pizza chart

In 2016 my roommates and I decided it would be a good idea to count how many pizzas we ate over the course of a year. A tally was kept on our chalkboard wall in the kitchen recording how many pizzas we ate and where they came from. We did an excellent job collecting data eating pizza and I’m proud of us.

In total we ate 127 pizzas.

That's a pizza every 2.87 days.

We didn’t really bother tracking the size of pizza, date, or toppings, which all would have been great but also is a lot of effort when you can just draw a line on the wall and eat pizza. It’s probably for the best that we missed our target of 150 pizzas.

Here is a simple interactive chart of the pizza data made using Bokeh’s python library. The code is below if you want to take a look at it.

Most of them came from our favourite establishment, Domino’s, and the rest came from other places or were made in-house. The chart below shows the order we ate our pizzas in. Definitely had at least one or two Domino’s pizza parties.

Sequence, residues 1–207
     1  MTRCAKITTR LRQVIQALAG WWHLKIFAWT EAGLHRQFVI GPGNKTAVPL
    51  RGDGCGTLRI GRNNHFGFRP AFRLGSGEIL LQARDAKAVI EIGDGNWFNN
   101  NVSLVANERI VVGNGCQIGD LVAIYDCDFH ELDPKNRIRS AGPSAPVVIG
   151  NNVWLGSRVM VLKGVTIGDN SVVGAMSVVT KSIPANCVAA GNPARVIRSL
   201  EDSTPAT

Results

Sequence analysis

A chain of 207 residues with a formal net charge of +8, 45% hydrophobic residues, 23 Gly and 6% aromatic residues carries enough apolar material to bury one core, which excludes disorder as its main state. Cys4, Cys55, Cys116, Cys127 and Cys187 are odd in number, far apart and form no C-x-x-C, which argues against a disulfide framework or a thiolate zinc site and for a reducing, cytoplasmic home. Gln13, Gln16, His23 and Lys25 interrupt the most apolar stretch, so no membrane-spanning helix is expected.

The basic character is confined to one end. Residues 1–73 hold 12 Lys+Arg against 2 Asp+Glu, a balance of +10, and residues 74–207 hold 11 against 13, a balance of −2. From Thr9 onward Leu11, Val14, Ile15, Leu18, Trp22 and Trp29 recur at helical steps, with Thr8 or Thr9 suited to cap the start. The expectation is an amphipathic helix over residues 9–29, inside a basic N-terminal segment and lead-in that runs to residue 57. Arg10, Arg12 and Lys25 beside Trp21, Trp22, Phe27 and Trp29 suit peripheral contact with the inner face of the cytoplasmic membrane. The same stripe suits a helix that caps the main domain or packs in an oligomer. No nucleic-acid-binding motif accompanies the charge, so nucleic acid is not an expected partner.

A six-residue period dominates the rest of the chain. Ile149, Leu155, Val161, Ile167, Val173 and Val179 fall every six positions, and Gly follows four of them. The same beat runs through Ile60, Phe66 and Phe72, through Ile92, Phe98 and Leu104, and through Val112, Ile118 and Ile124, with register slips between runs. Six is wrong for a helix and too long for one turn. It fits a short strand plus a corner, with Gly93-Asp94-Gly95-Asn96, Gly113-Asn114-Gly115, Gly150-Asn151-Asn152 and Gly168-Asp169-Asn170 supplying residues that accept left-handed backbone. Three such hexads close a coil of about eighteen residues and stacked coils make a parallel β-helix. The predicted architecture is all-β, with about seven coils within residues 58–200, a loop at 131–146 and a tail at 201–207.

pizza chart2

Here is the python code for the Bokeh chart:

from bokeh.charts import Bar, output_file, show
from bokeh.layouts import row

data = {
    'pizza': ["Domino's","Other","Homemade"],
    'quantity': [67,38,22]

    ('Pizza', '@pizza'),
    ('Count', '@height'),

bar = Bar(data, values='quantity', label='pizza', title="Pizza Counts",
legend='top_right', color='pizza',plot_width=400, plot_height=400, 
tools='', tooltips=tooltips)

# styling the bar chart
bar.xaxis.axis_label = ''
bar.yaxis.axis_label = ''
bar.xaxis.major_tick_line_color = None
bar.yaxis.minor_tick_line_color = None


Heavily inspired by Michael Pecirno’s minimalist maps of the US, the Canada Below 60 project aims to display land use data in a minimalist map setting with no background layers, boundary features, or labels.

The raster data covers Canada below the 60th parallel and has a 30m cell size, coming in at a total (uncompressed) size of about 85GB. There are 7,772,100,116 individual cells in this dataset.

If you’re interested in downloading the data or reading the metadata to learn more about it, you can get it at Open Data Canada.